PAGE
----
It remains unclear whether the talks can get back on track. An administration official described Mr. Xi’s letter to Mr. Trump as conveying a nice, diplomatic tone, but noted that the word “equality” was included, suggesting that China believes the United States is demanding too much and that a trade agreement must be more equitable. Mr. Xi also said he believed that his friendship with Mr. Trump would endure the trade dispute.
Despite the overture, the administration official said that this round of talks had the dour feeling of heading toward a breakup. There is a growing sense of disappointment in Mr. Xi being unable to follow through on things that Mr. Trump’s trade negotiators thought had been addressed.
Mr. Trump’s decision to impose 25 percent tariffs on nearly one-third of all Chinese products is the biggest trade action that Mr. Trump has taken so far. The higher tax would hit many consumer products that Americans rely on from Beijing, like seafood, luggage and electronics, raising prices for American companies and their customers across a large portion of sectors.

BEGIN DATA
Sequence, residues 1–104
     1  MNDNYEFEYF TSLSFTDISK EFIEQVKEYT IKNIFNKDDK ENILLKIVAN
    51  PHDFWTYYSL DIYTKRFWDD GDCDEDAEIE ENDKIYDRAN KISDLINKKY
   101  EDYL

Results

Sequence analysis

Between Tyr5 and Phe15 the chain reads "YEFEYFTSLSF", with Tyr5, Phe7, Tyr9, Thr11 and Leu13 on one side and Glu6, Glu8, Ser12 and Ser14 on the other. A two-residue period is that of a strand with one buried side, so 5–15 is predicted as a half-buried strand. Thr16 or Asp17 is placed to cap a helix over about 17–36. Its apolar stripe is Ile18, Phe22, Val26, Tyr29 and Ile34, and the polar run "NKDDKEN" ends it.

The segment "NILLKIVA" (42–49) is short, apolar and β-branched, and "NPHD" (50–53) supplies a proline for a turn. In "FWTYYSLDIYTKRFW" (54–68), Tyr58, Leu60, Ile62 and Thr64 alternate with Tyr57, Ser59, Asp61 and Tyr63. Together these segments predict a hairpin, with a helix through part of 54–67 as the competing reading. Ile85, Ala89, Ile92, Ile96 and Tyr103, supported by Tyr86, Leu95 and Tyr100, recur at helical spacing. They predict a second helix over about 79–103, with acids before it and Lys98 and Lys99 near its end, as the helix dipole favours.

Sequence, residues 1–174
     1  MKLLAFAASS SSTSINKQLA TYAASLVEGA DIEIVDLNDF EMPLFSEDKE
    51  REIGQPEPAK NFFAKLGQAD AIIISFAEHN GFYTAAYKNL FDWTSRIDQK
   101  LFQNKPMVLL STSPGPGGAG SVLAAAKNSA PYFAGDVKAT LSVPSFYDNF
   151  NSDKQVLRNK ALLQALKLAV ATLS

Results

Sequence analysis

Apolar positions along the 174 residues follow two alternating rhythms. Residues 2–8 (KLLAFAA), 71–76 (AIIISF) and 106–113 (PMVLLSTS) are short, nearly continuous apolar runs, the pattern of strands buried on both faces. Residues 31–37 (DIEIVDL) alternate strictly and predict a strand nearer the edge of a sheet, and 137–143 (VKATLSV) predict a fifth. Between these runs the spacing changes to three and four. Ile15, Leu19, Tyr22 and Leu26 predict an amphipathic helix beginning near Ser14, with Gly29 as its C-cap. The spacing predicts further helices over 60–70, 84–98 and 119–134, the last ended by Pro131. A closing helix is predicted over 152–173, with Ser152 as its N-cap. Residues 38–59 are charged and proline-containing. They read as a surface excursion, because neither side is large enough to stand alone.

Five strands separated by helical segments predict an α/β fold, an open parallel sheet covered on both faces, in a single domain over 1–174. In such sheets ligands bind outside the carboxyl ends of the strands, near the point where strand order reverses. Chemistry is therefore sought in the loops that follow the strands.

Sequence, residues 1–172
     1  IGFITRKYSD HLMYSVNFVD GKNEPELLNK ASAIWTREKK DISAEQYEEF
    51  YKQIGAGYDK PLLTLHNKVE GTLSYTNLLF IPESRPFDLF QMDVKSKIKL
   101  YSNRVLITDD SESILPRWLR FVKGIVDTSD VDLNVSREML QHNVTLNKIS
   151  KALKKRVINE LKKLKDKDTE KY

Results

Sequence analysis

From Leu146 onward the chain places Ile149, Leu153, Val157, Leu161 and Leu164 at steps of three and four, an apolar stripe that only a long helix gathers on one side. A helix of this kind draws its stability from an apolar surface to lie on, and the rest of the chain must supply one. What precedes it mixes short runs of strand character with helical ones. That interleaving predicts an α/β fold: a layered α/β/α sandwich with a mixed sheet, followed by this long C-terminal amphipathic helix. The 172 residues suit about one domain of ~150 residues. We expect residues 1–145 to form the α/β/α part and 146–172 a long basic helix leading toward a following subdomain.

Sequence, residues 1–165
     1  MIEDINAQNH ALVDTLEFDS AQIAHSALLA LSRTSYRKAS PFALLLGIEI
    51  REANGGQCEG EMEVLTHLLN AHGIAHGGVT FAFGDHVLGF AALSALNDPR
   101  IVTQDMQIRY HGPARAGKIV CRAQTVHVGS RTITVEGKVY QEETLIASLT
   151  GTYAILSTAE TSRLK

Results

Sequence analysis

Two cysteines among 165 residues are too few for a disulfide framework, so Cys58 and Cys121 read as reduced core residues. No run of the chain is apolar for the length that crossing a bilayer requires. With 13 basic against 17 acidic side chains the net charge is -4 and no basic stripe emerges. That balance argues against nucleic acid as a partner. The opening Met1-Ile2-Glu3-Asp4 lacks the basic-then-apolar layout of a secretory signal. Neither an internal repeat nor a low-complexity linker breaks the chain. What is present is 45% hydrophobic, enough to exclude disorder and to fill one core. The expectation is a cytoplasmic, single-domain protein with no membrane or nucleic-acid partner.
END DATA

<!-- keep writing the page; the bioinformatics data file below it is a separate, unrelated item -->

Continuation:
Talks resumed at 5 p.m. Thursday at the offices of the United States trade representative. Steven Mnuchin, the Treasury secretary, and Robert Lighthizer, Mr. Trump’s top trade negotiator, were expected to have dinner with Liu He, China’s vice premier, and some members of the Chinese delegation. A Trump administration official familiar with the plans said that the meal would not have ceremonial trappings.
Barring any last-minute decision to rescind the tariff increase, the new 25 percent rate will go into effect Friday. But the higher tariffs would hit only products that leave China as of May 10, not those already in transit. That could provide some additional time for the two sides to reach an agreement. Mr. Trump could also rescind the tariffs once a deal is reached, retroactively reversing the higher rates.
“This week is really a challenge if you’ve got boats on the ocean,” said Brian Keare, the field chief information officer at Incorta, who advises companies like Broadcom, Starbucks and Apple on scenario planning amid the uncertainty they face under the Trump administration. “If I’ve got 30 days’ notice, I can make a smarter decision. If I’ve got 72 hours, my hands are more tied.”